Indian podophyllum rhizome is obtained from Podophyllum Emodi, Wallich (N.O. Berberideae), a plant indigenous to Northern India. The rhizome is collected and dried with the roots attached. It occurs in brown, horizontal, more or less contorted pieces 6 to 8 millimetres or more in thickness. The upper surface bears numerous tuberosities, and exhibits circular or oval scars; the lower surface bears numerous stout cylindrical roots. The fracture is white, short, and starchy, or yellow and horny, the fractured surface exhibiting a thin, brown, cortical layer and a circle of fibrovascular bundles. The odour is faint; the taste, bitter and acrid.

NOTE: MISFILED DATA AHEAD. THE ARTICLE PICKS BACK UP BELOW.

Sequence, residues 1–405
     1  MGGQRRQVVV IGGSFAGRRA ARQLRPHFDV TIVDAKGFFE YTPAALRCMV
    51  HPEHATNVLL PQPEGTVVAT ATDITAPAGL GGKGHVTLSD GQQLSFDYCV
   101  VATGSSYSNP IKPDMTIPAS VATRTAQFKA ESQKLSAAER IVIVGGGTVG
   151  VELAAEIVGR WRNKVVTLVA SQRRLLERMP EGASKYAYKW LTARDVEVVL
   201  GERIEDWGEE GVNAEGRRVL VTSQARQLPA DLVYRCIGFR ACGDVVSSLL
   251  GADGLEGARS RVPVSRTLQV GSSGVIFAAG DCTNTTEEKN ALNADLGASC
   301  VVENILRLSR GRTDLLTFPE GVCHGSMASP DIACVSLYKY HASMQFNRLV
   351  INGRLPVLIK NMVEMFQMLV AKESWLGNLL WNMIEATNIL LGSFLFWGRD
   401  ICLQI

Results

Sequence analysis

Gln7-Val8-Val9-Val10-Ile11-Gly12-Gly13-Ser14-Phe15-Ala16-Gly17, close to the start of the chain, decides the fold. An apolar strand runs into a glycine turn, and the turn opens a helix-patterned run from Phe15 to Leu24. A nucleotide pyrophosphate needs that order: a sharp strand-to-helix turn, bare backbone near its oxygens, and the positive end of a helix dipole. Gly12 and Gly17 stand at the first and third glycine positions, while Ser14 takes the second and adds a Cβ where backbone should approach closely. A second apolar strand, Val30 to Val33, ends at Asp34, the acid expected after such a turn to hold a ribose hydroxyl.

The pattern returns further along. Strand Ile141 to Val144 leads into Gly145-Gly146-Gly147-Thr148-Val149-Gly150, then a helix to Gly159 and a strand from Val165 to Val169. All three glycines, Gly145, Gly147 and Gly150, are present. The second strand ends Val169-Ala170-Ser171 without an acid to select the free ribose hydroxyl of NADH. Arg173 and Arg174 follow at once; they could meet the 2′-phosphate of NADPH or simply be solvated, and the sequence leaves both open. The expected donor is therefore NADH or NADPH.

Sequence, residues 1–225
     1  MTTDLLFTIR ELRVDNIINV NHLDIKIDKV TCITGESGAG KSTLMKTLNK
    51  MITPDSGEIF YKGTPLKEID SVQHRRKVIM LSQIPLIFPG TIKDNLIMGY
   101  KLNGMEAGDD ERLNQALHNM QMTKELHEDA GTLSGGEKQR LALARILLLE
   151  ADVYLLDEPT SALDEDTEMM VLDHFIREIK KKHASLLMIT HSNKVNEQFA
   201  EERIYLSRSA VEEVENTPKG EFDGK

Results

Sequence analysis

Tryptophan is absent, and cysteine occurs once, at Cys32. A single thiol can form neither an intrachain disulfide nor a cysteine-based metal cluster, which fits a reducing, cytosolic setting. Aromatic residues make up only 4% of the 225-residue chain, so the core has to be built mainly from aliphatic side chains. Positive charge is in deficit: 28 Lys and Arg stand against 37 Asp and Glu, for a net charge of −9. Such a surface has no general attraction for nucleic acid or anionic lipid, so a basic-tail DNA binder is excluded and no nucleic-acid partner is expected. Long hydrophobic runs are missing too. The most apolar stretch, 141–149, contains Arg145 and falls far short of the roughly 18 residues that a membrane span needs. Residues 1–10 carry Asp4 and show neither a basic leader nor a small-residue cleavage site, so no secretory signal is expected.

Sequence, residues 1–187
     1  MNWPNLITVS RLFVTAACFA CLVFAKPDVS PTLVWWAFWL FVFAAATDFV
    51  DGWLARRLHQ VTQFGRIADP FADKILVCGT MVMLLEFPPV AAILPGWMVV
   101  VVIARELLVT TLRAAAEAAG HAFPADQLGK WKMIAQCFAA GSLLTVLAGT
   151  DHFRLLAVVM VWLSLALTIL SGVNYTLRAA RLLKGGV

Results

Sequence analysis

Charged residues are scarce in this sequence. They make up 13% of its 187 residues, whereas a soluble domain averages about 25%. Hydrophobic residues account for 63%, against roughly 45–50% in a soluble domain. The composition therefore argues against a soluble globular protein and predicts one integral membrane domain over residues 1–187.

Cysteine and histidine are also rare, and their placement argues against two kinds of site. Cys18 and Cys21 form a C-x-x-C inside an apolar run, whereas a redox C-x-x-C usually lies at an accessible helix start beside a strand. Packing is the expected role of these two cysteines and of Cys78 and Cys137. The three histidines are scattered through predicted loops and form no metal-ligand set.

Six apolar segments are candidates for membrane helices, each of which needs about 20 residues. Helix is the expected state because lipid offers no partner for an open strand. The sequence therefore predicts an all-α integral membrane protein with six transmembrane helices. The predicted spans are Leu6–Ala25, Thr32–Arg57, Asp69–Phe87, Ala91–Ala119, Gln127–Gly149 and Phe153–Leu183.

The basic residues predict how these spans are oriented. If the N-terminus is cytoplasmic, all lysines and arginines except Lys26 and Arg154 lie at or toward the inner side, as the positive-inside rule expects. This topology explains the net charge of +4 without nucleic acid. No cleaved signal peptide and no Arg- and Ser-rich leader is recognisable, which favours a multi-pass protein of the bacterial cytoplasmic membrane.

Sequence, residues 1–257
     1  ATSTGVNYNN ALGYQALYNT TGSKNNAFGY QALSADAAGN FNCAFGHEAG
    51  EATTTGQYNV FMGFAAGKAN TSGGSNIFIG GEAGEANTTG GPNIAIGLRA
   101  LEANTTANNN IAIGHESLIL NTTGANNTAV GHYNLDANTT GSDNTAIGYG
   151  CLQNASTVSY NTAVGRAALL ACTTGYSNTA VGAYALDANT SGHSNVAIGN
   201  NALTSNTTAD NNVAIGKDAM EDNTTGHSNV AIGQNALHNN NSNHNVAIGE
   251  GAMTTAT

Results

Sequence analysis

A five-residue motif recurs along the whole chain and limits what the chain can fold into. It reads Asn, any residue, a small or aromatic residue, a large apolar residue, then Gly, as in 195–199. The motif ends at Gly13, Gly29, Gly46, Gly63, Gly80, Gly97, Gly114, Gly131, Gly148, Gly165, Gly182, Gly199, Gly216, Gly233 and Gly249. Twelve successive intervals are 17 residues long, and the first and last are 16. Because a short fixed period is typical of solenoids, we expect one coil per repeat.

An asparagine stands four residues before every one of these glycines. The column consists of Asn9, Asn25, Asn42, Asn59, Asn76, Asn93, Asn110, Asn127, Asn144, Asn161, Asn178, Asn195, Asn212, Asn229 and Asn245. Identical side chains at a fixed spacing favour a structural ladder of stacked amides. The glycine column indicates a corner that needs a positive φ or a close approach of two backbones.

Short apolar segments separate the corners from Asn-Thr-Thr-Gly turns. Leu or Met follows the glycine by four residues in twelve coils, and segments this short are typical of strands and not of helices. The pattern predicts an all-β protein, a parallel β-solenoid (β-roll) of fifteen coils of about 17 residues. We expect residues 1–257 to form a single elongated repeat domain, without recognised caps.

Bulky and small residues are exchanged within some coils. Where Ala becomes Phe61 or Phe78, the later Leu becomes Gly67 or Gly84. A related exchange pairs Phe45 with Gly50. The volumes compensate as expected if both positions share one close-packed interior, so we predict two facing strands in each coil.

Constituents.—The chief constituents of Indian podophyllum are podophyllotoxin (2 to 5 per cent.) and podophylloresin (compare Podophylli Rhizoma). The drug yields from 6 to 12 per cent. of podophyllin when treated in the same way as the American rhizome, but the podophyllin so obtained is not identical with, nor should it be substituted for, that from the American drug, since it contains approximately twice as much podophyllotoxin, and in other respects exhibits differences (compare Podophylli Rhizoma).
Action and Uses.—Indian podophyllum rhizome is official in India and the Eastern Colonies, where it is used in place of ordinary podophyllum; it is stated to be twice as active as the latter.
Dose.—2 to 6 decigrams (3 to 10 grains).
The British Pharmaceutical Codex, 1911, was published by direction of the Council of the Pharmaceutical Society of Great Britain.